So, it might be quite quick to learn that animals without backbones are called invertebrates (although we might need to come back to the word itself a few times to make sure it sticks). Learning to use speech marks properly might take much longer, however. It might need to be explained several times, then re-explained when they come to use them in a story later in the week.
If they grasp something quickly, great, move onto the next thing. If they find it hard, don’t be afraid to keep chipping away, even if it takes much longer than you expected.
5. Don’t be afraid to keep it simple
When we’re explaining something to children, it helps to make the explanation as straightforward as possible, without giving them lots of other things to think about at the same time. Too much information in one go can overload them and mean that they end up not learning anything.
Complicated activities that require thinking about lots other things can take away from the main focus, too. If they’re learning how volcanoes work, then watching a film clip, reading a page in a book, talking about the process, or drawing a diagram together are all good ways of learning the science. Building a full working model of a volcano from papier-mâché might be a brilliant art or design-and-technology project, but it might not be the best way to teach science as the attention can soon shift from how volcanoes work to the model-making itself.
It’s always tempting to plan the whizzy, fun activities, but if we ask ‘What do I actually want them to learn?’ first, it can help us to choose the best way to explain something.
6. Use the power of elaboration
Like many professions, teaching has its own special terminology. And just like in other jobs, complicated names are often given to simple ideas.
Elaboration is one of those ideas. It simply means that one of the best ways of making sure that you understand something is to explain it to someone else. If we want to be sure our children have understood something, we could:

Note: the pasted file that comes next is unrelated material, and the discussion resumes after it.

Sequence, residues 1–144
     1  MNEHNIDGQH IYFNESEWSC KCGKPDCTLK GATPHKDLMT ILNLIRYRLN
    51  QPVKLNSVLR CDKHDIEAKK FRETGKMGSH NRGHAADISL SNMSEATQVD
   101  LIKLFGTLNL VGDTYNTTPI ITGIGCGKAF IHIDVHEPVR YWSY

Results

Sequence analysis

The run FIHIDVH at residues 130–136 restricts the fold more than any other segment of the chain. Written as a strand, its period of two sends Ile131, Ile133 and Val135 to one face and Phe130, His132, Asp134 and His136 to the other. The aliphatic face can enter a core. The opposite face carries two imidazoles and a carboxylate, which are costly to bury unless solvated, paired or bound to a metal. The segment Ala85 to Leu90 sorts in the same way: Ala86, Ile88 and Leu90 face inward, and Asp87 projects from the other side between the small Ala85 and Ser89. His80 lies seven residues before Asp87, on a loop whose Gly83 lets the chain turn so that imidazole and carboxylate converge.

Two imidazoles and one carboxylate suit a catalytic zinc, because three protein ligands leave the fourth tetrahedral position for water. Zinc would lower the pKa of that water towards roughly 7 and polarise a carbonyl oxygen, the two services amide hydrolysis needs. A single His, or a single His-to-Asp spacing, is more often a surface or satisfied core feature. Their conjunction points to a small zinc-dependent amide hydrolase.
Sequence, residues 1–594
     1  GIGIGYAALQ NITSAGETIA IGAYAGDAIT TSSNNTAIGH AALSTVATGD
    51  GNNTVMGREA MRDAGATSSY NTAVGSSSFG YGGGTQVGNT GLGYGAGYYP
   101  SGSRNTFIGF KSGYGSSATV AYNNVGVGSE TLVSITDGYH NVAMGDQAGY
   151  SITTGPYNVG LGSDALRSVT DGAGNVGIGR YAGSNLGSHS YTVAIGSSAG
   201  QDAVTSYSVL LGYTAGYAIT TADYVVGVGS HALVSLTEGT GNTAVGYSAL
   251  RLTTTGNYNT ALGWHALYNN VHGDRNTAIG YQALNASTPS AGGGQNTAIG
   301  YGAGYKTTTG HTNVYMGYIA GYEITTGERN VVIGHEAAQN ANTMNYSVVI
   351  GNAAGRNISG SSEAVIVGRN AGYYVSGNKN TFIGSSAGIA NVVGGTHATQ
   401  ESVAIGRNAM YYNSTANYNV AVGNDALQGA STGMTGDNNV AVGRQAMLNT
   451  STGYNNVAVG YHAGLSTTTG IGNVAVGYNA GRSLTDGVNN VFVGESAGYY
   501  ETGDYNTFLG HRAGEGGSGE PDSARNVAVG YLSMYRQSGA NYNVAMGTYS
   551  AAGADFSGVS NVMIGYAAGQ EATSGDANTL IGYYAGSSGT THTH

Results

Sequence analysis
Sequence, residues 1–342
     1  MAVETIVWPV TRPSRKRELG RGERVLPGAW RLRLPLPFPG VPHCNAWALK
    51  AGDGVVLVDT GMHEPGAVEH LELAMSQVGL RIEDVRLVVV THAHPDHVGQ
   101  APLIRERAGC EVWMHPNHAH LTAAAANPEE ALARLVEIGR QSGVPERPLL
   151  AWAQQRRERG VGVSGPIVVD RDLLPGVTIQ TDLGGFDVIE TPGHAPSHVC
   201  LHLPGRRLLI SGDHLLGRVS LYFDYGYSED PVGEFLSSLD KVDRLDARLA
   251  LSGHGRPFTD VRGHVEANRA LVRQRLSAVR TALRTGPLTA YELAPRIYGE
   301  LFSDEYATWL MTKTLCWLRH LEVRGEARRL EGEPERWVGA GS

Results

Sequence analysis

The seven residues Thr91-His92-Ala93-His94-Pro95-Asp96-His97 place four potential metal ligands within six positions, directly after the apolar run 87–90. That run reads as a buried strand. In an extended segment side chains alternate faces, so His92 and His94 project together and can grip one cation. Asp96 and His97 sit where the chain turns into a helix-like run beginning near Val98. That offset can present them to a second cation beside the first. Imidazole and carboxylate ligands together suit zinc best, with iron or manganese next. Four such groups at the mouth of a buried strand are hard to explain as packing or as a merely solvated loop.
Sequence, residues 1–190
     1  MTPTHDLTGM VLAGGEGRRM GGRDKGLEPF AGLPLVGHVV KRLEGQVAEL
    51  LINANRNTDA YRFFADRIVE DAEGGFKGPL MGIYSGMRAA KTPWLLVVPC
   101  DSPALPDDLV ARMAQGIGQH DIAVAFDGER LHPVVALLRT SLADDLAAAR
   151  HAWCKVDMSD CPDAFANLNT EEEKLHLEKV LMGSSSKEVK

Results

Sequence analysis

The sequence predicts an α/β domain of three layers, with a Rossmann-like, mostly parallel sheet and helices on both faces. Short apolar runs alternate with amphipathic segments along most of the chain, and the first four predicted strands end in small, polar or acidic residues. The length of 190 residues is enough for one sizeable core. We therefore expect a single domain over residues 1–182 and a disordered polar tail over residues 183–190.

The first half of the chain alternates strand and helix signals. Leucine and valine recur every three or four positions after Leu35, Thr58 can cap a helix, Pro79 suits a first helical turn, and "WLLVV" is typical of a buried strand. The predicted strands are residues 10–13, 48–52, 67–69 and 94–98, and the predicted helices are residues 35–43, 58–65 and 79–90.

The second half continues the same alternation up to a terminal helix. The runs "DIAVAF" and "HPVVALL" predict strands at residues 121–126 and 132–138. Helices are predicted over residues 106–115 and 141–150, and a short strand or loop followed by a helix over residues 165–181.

- Ask them to go away and learn about something independently and then teach us about it later (which buys us a few moments of peace and quiet, too!).
- Ask them to explain a concept to a younger sibling. Remind them they’ll need to use simple language and be really clear (which is a perfect way of making sure they understand the words and ideas).
- Pause and ask them to summarise something you’ve just been reading together.
- Write down a really clear explanation. This has the added benefit of practising their writing, too.
7. Don’t forget that we’re all human
Children aren’t learning robots and we can’t simply upload new information to them when it suits us. Learning is an emotional process and our feelings are bound to play a part in how successful learning at home will be.
Successful learning at home is bound to include:
- Keeping things light and enjoyable as much as possible.
- Building on your child’s interests and the things they want to learn about.
- Being realistic about what we can achieve in the time we’ve got.
- Celebrating success as often as we can.
- Knowing when to stop for a break and come back to something later.
We might be able to learn some things from teachers at school, but when we’re organising learning at home we don’t have to be teachers. As parents, we have far more freedom and flexibility than schools to tailor what we do so it is right for our children.
Whether you feel confident managing learning at home or whether the whole thing is slightly nerve-wracking, remember that knowing your children is the most useful thing of all. And no one knows them better than you.